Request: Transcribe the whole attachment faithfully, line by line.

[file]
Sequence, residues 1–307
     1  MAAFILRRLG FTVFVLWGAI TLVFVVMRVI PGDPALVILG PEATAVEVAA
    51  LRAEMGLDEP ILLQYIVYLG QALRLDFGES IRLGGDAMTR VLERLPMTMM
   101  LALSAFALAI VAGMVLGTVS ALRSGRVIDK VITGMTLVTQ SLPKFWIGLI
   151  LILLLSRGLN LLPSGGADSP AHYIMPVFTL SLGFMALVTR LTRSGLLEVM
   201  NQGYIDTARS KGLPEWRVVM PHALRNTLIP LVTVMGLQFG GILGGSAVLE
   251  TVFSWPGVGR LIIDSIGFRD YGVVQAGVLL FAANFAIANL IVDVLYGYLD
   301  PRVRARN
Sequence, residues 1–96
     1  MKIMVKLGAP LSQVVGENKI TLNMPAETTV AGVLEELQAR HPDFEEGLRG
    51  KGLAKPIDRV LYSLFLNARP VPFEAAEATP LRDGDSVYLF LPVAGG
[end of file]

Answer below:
Sequence, residues 1–307
     1  MAAFILRRLG FTVFVLWGAI TLVFVVMRVI PGDPALVILG PEATAVEVAA
    51  LRAEMGLDEP ILLQYIVYLG QALRLDFGES IRLGGDAMTR VLERLPMTMM
   101  LALSAFALAI VAGMVLGTVS ALRSGRVIDK VITGMTLVTQ SLPKFWIGLI
   151  LILLLSRGLN LLPSGGADSP AHYIMPVFTL SLGFMALVTR LTRSGLLEVM
   201  NQGYIDTARS KGLPEWRVVM PHALRNTLIP LVTVMGLQFG GILGGSAVLE
   251  TVFSWPGVGR LIIDSIGFRD YGVVQAGVLL FAANFAIANL IVDVLYGYLD
   301  PRVRARN
Sequence, residues 1–96
     1  MKIMVKLGAP LSQVVGENKI TLNMPAETTV AGVLEELQAR HPDFEEGLRG
    51  KGLAKPIDRV LYSLFLNARP VPFEAAEATP LRDGDSVYLF LPVAGG